Well….how about the fact that he gave up his British citizenship to save paying millions in tax into the country’s coffers? In 2013, he described himself as a “tax exile”.

And how about one of the companies I missed from that list: Virgin Care.

Ask practically any UK citizen what it is about being British that makes them feel proud, and doubtless the NHS will be pretty high on their list. But in 2016 Virgin Care sued the NHS after it lost out on an £82m contract to provide children’s health services across Surrey. The matter was settled out of court for an undisclosed sum in 2017.

The phrase “undisclosed sum” can mean only one of two things: it’s surprisingly small, or eye-wateringly large. Given the size of the contract Virgin Care lost out on, I’m going for the former. I’ve seen unconfirmed rumours that it was ¬£2 million. But no matter how large or small it was, it surely could have been better spent being invested in the actual NHS rather than lining Branson’s Union Jack print pockets.

Meanwhile, in January 2018, it was announced that Virgin Care Services ended the last financial year with a £8.16 million profit from a turnover of £204 million up on the £7.28 million profit it made in 2016 on a turnover of £134 million.

And yet…it paid no corporation tax. This was because it’s parent company – you guessed it, Virgin Care – announced a ¬£19.3m loss for the same period. Mmm-hmm. Sure.

Then, the other day, I turned on my TV to find a Missy Elliott track being used to advertise Virgin Media, and the vein in my forehead started apoplectically pumping with even more outrage than usual.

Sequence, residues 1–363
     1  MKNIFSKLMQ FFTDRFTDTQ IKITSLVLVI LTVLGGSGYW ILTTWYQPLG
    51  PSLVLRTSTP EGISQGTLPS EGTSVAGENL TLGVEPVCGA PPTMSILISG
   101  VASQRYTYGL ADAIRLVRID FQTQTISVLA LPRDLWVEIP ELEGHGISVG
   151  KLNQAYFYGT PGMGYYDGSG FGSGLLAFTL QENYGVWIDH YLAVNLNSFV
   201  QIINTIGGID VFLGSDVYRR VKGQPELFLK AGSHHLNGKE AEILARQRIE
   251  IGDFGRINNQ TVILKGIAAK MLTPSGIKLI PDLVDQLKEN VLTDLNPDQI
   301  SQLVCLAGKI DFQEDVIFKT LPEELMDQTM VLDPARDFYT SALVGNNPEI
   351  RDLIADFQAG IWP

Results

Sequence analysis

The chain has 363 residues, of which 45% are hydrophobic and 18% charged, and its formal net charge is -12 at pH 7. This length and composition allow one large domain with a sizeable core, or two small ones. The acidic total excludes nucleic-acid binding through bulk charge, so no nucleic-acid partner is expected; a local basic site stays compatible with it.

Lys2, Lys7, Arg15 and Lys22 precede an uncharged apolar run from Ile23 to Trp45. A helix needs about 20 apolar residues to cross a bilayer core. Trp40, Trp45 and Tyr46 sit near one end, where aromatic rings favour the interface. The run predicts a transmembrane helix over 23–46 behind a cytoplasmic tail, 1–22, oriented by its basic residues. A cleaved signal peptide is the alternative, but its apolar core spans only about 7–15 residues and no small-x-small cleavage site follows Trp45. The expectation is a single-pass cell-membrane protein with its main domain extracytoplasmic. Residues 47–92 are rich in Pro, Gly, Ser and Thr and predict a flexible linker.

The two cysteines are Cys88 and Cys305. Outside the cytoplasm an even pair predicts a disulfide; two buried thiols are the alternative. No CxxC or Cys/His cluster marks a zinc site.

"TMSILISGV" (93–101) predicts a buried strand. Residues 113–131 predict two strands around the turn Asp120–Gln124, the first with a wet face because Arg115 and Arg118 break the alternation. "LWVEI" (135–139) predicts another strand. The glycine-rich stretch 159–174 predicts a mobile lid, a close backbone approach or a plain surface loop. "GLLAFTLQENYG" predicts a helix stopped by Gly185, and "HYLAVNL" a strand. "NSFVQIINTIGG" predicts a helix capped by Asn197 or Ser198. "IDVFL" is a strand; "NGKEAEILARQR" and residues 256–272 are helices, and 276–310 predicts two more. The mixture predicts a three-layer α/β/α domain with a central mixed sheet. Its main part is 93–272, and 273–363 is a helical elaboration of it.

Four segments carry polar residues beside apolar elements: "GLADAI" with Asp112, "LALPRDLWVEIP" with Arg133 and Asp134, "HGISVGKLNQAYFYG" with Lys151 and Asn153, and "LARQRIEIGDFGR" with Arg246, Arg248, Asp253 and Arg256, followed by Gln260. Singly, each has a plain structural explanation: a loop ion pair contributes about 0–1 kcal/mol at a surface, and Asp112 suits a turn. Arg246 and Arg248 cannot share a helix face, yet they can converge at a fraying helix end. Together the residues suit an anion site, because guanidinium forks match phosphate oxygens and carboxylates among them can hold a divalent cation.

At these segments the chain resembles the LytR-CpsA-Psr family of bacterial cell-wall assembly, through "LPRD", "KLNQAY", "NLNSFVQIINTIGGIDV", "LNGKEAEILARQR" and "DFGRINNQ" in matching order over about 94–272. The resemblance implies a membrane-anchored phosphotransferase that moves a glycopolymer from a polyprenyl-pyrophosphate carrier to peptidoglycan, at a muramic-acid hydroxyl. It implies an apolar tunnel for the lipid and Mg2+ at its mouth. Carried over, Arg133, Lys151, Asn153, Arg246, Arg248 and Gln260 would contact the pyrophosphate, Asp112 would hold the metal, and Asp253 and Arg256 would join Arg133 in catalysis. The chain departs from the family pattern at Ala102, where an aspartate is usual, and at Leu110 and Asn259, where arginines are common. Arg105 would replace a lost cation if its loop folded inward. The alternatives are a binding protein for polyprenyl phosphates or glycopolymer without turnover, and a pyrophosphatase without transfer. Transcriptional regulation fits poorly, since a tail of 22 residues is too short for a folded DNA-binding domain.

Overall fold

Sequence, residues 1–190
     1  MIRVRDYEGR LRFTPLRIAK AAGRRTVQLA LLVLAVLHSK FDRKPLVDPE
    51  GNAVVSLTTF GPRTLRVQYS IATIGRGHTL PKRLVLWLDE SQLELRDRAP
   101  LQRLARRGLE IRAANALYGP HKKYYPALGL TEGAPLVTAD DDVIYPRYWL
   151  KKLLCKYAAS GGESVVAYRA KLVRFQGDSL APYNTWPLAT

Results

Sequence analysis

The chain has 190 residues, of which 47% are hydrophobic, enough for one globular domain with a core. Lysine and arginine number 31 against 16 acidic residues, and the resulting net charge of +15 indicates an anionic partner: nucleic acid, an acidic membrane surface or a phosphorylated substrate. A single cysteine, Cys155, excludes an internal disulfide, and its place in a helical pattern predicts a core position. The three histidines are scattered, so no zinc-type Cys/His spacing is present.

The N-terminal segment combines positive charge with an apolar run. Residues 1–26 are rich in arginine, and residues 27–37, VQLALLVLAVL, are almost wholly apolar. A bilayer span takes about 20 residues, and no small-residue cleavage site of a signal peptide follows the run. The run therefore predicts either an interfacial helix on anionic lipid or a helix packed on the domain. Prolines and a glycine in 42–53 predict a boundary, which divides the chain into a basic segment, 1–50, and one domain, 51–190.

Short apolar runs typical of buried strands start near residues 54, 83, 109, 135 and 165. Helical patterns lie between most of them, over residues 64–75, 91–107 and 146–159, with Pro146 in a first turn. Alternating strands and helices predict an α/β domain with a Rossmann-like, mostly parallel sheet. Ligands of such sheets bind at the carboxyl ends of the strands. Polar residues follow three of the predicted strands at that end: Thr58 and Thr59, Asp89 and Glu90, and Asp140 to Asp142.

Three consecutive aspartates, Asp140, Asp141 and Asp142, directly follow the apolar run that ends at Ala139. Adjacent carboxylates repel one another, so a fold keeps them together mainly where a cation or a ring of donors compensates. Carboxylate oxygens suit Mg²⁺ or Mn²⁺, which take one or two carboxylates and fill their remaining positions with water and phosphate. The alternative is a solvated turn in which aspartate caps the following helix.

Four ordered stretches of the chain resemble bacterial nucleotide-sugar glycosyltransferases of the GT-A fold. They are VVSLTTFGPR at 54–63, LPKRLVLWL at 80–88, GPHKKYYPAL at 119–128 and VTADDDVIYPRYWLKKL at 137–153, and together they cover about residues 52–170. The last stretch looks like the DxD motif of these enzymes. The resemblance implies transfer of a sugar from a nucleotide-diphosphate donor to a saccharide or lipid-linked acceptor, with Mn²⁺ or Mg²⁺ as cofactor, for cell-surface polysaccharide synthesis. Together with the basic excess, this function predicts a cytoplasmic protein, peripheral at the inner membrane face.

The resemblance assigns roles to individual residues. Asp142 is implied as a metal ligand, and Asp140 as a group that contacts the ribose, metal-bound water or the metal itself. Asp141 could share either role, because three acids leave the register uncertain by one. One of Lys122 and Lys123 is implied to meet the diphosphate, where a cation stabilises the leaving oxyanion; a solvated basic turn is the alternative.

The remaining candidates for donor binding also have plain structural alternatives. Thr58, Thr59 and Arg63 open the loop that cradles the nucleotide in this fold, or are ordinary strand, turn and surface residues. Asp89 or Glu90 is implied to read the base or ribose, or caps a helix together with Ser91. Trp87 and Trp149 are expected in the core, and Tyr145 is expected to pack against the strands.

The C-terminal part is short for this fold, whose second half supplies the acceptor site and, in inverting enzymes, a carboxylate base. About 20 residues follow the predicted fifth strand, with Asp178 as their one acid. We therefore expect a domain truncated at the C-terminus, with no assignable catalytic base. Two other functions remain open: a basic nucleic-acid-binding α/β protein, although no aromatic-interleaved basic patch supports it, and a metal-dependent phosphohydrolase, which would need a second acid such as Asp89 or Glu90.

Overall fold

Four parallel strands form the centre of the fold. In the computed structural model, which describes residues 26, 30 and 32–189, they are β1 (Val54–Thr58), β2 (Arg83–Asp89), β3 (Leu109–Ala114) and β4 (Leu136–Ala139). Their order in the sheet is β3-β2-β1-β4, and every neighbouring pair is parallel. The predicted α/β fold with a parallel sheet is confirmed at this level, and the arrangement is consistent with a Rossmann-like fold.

Let’s claim it back:


Missy Elliott – We Run This

Branson: you don’t run this, you ruin shit.

And stop wearing that suit, you jingoistic shyster.

More soon.

S.S.O.S. (Stop Spoiling Our Songs)

Back now to our trawl through songs which have been debased by being used in adverts, and your suggestions are coming in thick and fast.

But before we look at any of your suggestions, one of mine which has been annoying me for a little while now.

You could probably excuse the use of Pixies’¬†Where Is My Mind? had it been used in, say, an advert¬†promoting mental health.

But it’s in an advert for chocolate.

And it’s not even the original, it’s some godawful tinkly piano version.

It’s horrible.

This, the original, from their seminal Surfer Rosa album is not:


Pixies – Where Is My Mind?

More soon.

S.S.O.S. (Stop Spoiling Our Songs)

Ah, well, it seems after my, ahem, “inspirational, motivational” post yesterday morning, we need to cleanse the palate, somewhat.

So, to return to the topic of songs deemed ripe to be appropriated by those who seek to sell us stuff, and after my first post on this topic a couple of weeks ago, I left the door open for any pet hates you might have in this area.

At which point, I’ll hand you over to an uncensored (sorry Mum!) suggestion from Drew over at the reliably wonderful¬†Across The Kitchen Table¬†who sent me this:

“What the fuck has ‘Do I Love You (Indeed I Do)’ got to do with fucking happy eggs? I could just about handle the use of it for shit greasy chicken but eggs!”

‘Happy eggs’ sounds like some kind of sex toy, doesn’t it?

Consider it reclaimed, Drew:


Frank Wilson – Do I Love You (Indeed I Do)

I honestly can’t believe I’ve never posted that before, mostly because it would give me the opportunity to brag that, one night a year or so when I was awake ridiculously early for no apparent reason, I tweeted it to 6Music DJ Chris Hawkins as a suggestion for the 5:15 tune, and he played it. Not a great claim to fame, granted, but them’s the breaks.

Anyway, more soon, and feel free to suggest any other beloved¬†records you’re disgusted to hear used in an advert.